Personal Guidebook to Grief Recovery

Back To Life! A Personal Grief Guidebook

Back to Life is a comprehensive, quality bereavement handbook. It consists of 73 pages that explore many aspects of grief in detail. There are 19 chapters or lessons, each addressing a different aspect of grief, a coping skill or a strategy for emotional survival. Here you will learn: Good, solid information on how the grief process really works. Which symptoms of grief are normal, and which are dangerous warning signs. Valuable and practical coping skills to help you get through each day. Secrets to getting a good night's restorative sleep without prescription drugs. How to endure the holidays and thoughtless visitors. How to identify and defuse anger, guilt, and regret. Family changes to look for and how to keep your family intact through this. Just the right activities and comforting rituals to help ease you through your darkest days. Tried and true psychological exercises and strategies to help lessen the raw pain. Satisfying and therapeutic creative expressions of grief. Effective memorializing techniques to honor and remember your lost loved one. How to cling to hope and move surely towards brighter days. Read more here...

Back To Life A Personal Grief Guidebook Summary


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Grief Relief Audio Program

The Grief Relief Audio Program is a thoughtfully organized grief management program. 7 downloaded audio files unfold a step by step journey through enjoyable and highly effective guided techniques based on sound clinical practices. The user-friendly recordings are easy to download and access. Also included is a written pdf Guide & Instructions, as well as 3 bonuses well worth the cost of the entire program. The Management of Grief Grief Relief Teaches You How To: Put an end to Grief Paralysis Defuse consuming anger or guilt you may feel about your loss. Decrease isolation and find the support you need and deserve. Practice proven techniques that reduce stress and anxiety. Cope and make it through each day intact. Find hope that your dark despair will one day ease up. Reach for joy and happiness despite your loss. How to confront and acknowledge your grief so you pave the way for true healing to begin. An effective technique for admitting guilt and regret, and how to release it. The secret key that leads to understanding so you can get your life back. Read more here...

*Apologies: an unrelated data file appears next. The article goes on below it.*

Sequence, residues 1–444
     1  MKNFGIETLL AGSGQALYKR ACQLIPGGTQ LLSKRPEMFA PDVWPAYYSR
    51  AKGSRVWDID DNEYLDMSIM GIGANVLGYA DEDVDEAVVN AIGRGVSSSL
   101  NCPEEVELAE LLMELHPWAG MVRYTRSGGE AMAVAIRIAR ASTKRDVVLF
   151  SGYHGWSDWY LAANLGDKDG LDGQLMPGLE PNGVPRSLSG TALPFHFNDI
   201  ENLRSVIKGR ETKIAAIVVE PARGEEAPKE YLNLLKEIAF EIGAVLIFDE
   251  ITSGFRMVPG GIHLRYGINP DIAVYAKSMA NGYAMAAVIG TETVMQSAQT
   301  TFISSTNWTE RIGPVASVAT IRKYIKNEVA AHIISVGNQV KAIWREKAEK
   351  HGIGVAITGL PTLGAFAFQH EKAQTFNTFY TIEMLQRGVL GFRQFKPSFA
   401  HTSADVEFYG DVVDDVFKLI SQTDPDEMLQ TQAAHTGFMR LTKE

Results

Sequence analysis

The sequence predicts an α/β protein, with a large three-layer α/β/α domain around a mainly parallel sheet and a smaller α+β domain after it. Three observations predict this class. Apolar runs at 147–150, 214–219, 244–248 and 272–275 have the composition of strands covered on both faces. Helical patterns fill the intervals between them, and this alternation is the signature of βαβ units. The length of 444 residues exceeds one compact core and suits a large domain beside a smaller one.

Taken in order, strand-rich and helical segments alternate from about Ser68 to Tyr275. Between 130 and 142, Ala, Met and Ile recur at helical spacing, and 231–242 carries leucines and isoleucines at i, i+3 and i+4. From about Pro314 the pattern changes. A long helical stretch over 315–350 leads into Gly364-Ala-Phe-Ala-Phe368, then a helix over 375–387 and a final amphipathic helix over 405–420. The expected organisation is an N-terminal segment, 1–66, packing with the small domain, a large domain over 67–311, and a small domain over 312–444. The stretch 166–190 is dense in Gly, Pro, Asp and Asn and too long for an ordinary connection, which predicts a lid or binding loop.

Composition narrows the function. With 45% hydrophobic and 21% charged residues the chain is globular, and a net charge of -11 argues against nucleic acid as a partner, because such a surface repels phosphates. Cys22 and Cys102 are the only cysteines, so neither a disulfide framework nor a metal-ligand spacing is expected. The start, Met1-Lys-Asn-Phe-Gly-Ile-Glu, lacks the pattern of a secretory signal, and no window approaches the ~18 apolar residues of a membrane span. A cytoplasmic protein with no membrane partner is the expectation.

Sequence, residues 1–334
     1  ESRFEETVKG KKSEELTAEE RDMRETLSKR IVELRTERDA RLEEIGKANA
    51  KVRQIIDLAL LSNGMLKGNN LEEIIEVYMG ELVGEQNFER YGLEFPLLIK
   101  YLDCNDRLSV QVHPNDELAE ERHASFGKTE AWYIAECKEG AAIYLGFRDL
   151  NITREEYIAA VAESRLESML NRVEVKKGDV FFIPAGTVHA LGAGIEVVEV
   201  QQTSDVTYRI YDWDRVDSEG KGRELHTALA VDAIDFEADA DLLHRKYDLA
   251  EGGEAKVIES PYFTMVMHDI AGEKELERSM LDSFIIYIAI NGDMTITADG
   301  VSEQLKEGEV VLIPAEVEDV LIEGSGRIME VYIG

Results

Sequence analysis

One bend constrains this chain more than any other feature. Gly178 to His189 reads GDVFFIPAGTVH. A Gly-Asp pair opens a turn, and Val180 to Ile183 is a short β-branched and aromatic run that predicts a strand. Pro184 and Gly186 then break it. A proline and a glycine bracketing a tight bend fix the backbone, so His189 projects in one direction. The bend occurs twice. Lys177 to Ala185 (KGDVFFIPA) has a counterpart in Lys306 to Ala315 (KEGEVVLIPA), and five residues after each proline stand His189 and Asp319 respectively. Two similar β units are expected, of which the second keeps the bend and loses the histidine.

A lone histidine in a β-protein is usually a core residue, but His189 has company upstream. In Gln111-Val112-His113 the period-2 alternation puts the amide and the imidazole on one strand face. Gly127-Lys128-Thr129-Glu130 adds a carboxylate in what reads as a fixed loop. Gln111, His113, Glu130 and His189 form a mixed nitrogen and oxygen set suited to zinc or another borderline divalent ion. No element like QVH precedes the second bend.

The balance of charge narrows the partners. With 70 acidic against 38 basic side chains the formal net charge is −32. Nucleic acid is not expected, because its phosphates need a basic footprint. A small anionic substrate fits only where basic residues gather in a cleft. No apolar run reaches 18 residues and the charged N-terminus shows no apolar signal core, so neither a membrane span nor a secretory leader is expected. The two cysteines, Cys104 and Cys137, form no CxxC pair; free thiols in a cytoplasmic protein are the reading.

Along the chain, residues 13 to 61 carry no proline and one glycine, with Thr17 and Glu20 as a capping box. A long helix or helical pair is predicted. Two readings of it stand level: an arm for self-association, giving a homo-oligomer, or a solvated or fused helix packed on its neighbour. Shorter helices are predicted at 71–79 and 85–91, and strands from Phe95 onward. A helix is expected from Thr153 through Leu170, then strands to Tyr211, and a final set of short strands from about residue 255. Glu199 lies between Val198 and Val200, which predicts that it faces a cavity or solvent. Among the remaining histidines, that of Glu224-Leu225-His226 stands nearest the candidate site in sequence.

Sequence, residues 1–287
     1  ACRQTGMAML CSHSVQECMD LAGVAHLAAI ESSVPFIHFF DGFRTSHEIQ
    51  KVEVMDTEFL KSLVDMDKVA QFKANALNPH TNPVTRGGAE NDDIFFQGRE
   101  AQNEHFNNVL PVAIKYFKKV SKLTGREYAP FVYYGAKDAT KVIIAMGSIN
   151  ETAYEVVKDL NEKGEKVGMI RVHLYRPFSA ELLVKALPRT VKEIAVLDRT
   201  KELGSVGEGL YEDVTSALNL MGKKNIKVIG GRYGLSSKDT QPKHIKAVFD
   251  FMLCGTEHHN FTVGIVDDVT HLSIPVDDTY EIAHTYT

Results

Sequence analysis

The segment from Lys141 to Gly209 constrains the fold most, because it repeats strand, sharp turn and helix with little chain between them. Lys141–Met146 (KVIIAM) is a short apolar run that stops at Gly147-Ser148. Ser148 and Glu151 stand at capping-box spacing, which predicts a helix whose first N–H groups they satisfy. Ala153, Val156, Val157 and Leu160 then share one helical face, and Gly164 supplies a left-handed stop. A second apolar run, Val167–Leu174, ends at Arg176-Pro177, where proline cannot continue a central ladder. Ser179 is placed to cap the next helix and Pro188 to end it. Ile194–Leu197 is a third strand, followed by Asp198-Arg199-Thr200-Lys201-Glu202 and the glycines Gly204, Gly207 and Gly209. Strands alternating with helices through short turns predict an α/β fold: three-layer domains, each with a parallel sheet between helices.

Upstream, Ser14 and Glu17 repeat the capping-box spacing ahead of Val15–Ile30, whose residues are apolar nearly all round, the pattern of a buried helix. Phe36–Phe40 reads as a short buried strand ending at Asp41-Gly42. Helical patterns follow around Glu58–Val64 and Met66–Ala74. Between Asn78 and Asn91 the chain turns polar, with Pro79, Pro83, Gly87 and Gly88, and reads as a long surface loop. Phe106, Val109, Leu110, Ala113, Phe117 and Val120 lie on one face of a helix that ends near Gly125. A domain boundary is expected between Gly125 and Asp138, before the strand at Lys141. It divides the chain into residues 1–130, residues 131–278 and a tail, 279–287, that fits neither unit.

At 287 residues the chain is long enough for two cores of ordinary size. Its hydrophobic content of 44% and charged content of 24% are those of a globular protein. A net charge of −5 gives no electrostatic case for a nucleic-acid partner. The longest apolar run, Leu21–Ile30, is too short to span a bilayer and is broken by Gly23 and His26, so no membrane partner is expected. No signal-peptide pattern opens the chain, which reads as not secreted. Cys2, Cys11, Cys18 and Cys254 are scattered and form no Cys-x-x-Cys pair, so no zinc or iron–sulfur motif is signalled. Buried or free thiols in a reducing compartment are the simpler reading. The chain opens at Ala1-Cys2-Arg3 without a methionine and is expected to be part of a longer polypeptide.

Grief Relief Audio Program Summary

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Author: Jennie Wright
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Price: $27.00

Dysfunctional Grieving

Related to Loss of child as result of (specify accident, SIDS, absence of anticipatory grieving). and unexpected death of infant shock grief denial social isolation.) Goal Parents will resolve dysfunctional grieving. Outcome Criteria V Parents acknowledge that their grief is unresolved and seek assistance. NOC Psychosocial Adjustment Life Change Provides support without adding to grief and feelings of guilt. Promotes positive grief resolution if parents hold see the infant and spend time saying good-bye on their own terms. Presence of other family members and significant others often serves as support for grieving family. Promotes positive grief resolution. Inform of stages and importance of grieving and of behavior that is expected in resolving grief. Use therapeutic communication techniques, especially active listening. Encourage parents to verbalize their understanding of the cause of death, their feelings of grief, and any concerns about seeking assistance with grieving. Refer...

Anticipatory Grieving

Related to (Specify perceived potential loss of child by parents perceived potential loss of physiopsychosocial well-being by child.) Defining Characteristics (Specify expression of distress of potential loss, inevitable kidney failure, kidney dialysis, premature death of child.) Goal Parents and child will begin to work through the grief process by (date and time to evaluate). Outcome Criteria V Parents will verbalize stages of grief.

NIC Grief Work Facilitation

Promotes movement through grieving process by utilizing defense mechanisms that have worked in the past. environment, for the initial shock and disbelief that are expected behaviors of grief. Therapeutic communication assists the parents to express their feelings and identify dysfunctional aspects of their grief. Provides support and assistance during bereavement or chronic grief which may affect family relationships, presence of infertility or other problems. Assists with resolution of guilt and grieving.